Circadian lighting design

Circadian lighting design

Intent: 

To support circadian health by setting a minimum threshold for daytime light intensity.

BACKGROUND

Light is one of the main drivers of the circadian system, which starts in the brain and regulates physiological rhythms throughout the body’s tissues and organs, affecting hormone levels and the sleep-wake cycle. Circadian rhythms are kept in sync by various cues, including light which the body responds to in a way facilitated by intrinsically photosensitive retinal ganglion cells (ipRGCs): the eyes’ non-image- forming photoreceptors. Through ipRGCs, lights of high frequency and intensity promote alertness, while the lack of this stimulus signals the body to reduce energy expenditure and prepare for rest. The biological effects of light on humans can be measured in Equivalent Melanopic Lux (EML), a proposed alternate metric that is weighted to the ipRGCs instead of to the cones, which is the case with traditional lux. During Performance Verification, EML is measured on the vertical plane at eye level of the occupant. Tables L1 and L2 in Appendix C show how to calculate the EML of individual lamps and larger spaces.

Part 1
Melanopic Light Intensity for Work Areas

Light models or light calculations demonstrate that at least one of the following requirements is met:
a.
At 75% or more of workstations, at least 200 equivalent melanopic lux is present, measured on the vertical plane facing forward, 1.2 m [4 ft] above finished floor (to simulate the view of the occupant). This light level may incorporate daylight, and is present for at least the hours between 9:00 AM and 1:00 PM for every day of the year.
b.174
For all workstations, electric lights (which may include task lighting) provide maintained illuminance on the vertical plane facing forward (to simulate the view of the occupant) of 150 equivalent melanopic lux or greater.

Part 2
Melanopic Light Intensity in Living Environments

In all bedrooms, bathrooms, and rooms with windows, one or more fixtures provide the following:
a.
200 or more equivalent melanopic lux as measured facing the wall in the center of the room 1.2 m [4 ft] above the finished floor. The lights may be dimmed in the presence of daylight, but are able to independently achieve these levels.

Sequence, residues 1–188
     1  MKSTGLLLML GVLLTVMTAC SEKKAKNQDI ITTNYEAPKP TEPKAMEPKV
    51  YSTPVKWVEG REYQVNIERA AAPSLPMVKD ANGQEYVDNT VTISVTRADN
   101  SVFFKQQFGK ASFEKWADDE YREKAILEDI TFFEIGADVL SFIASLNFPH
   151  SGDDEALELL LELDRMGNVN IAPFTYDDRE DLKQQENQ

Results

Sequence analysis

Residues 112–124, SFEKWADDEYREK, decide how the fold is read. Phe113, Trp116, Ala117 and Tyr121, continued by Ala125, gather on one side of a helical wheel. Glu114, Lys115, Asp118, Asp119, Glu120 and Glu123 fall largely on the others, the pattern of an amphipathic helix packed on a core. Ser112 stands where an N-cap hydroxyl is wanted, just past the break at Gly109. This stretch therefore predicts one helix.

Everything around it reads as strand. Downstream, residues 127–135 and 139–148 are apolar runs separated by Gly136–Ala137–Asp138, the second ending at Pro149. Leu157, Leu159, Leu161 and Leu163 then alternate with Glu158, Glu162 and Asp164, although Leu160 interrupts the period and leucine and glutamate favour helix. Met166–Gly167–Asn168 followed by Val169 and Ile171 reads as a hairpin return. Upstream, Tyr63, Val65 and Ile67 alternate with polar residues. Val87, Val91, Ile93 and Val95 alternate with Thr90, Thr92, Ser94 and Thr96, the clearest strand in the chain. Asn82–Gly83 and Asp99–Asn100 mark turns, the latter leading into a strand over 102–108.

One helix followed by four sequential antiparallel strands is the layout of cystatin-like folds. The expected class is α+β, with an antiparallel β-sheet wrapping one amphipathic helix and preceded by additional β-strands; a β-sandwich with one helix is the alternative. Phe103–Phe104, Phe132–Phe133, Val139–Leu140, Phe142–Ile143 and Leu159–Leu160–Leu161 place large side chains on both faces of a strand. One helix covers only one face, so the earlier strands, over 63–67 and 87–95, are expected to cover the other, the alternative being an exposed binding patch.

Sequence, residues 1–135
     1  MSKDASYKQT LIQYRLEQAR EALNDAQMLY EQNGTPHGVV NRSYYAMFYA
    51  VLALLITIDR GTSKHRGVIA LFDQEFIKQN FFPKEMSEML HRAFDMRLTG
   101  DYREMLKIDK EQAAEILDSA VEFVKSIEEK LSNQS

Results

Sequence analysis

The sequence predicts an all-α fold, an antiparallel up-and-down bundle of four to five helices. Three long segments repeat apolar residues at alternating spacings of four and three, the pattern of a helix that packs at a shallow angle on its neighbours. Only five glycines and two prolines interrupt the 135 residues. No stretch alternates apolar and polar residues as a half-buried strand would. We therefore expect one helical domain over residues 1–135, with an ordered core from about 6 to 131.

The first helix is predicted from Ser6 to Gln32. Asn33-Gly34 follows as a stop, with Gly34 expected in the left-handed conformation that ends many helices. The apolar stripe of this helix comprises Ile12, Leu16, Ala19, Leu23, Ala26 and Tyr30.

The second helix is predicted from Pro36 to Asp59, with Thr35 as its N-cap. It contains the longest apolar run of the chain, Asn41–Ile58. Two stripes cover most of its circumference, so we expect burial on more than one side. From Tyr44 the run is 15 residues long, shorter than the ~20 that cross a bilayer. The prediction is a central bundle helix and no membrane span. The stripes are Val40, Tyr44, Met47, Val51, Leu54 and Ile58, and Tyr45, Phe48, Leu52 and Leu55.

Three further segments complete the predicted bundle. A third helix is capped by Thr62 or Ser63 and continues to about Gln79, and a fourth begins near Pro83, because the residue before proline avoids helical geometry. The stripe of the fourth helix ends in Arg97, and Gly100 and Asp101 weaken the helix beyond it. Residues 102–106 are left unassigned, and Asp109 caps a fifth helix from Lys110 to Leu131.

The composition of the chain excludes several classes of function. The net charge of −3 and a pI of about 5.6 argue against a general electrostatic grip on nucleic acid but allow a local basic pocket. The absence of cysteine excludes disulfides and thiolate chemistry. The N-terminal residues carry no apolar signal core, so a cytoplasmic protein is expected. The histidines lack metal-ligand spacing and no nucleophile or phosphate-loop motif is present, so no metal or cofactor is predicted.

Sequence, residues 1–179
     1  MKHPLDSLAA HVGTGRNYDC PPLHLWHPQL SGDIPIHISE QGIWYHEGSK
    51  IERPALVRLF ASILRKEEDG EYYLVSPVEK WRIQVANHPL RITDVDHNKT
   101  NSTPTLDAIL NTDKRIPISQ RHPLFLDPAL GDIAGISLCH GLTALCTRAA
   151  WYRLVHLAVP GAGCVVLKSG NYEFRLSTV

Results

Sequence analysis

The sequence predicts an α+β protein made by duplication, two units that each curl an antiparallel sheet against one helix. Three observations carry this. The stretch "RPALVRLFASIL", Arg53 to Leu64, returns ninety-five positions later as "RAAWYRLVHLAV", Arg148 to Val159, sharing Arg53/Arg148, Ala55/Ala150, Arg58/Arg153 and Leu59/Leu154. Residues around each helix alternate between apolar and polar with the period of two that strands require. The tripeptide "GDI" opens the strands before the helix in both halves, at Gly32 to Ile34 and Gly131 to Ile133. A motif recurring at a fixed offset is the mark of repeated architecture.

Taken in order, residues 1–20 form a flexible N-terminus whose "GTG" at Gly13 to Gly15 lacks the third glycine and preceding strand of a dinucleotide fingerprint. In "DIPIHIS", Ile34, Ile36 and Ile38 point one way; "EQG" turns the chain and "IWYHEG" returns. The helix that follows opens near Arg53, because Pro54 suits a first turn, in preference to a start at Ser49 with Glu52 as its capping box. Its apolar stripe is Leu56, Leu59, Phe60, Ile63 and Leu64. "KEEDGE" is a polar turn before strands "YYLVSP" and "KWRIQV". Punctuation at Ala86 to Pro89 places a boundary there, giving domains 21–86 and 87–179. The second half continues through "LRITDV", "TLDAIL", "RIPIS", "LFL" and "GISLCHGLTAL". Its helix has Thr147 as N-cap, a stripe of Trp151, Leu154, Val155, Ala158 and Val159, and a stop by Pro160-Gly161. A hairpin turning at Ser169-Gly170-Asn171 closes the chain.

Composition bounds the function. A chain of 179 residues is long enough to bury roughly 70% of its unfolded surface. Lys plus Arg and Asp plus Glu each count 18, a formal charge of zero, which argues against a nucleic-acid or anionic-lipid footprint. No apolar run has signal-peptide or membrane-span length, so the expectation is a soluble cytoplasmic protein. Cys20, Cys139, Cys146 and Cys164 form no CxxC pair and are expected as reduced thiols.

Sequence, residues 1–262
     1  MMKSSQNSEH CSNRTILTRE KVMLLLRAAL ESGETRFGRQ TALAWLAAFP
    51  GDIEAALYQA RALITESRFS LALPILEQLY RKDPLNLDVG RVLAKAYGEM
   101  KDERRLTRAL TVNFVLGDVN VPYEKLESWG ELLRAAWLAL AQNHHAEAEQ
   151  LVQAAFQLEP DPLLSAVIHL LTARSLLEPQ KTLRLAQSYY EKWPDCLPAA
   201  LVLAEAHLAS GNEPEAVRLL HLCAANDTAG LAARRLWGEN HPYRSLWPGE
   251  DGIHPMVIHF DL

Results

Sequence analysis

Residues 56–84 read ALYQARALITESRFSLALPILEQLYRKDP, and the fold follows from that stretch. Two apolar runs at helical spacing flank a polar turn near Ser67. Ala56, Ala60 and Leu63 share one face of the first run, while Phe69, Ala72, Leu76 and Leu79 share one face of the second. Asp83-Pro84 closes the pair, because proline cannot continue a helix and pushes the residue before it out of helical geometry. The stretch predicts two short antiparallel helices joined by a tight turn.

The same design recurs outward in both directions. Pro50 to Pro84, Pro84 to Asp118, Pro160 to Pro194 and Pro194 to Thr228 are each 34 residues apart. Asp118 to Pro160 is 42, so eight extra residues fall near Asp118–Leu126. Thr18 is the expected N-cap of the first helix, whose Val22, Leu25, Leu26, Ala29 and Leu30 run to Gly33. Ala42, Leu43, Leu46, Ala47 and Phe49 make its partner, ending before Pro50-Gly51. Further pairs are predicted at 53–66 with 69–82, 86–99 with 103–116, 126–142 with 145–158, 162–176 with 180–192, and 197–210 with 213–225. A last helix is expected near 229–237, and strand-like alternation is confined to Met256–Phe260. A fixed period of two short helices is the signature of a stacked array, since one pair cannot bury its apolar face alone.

b.
Lights provide not more than 50 equivalent melanopic lux (to the extent allowable by code) as measured 0.76 m [30 inches] above the finished floor.

Part 3
Melanopic Light Intensity in Breakrooms

Workplaces where employees spend most of their time in spaces with light levels limited by work type (such as restaurant servers or hospital ward workers) have break rooms which meet the following requirement:
a.
Lights provide a maintained average of at least 250 equivalent melanopic lux as measured on the vertical plane facing forward at surfaces 1.2 m [4 ft] above finished floor. The lights may be dimmed in the presence of daylight, but are able to independently achieve these levels.

Part 4
Melanopic Light Intensity in Learning Areas

At least one of the following requirements is met:
a.
Early education, elementary, middle and high schools, and adult education for students primarily under 25 years of age: Light models (which may incorporate daylight) show that at least 125 equivalent melanopic lux is present at 75% or more of desks, on the vertical plane facing forward 1.2 m [4 ft] above finished floor (to simulate the view of the occupant). This light level is present for at least 4 hours per day for every day of the year.
b.139
Ambient lights provide maintained illuminance on the vertical plane of equivalent melanopic lux greater than or equal to the lux recommendations in the Vertical (Ev) Targets in Table 3 of IES-ANSI RP-3-13, following the age group category most appropriate for the population serviced by the school. For example, art studios in elementary school, middle school, or high school are provided with 150 equivalent melanopic lux from the electric lights.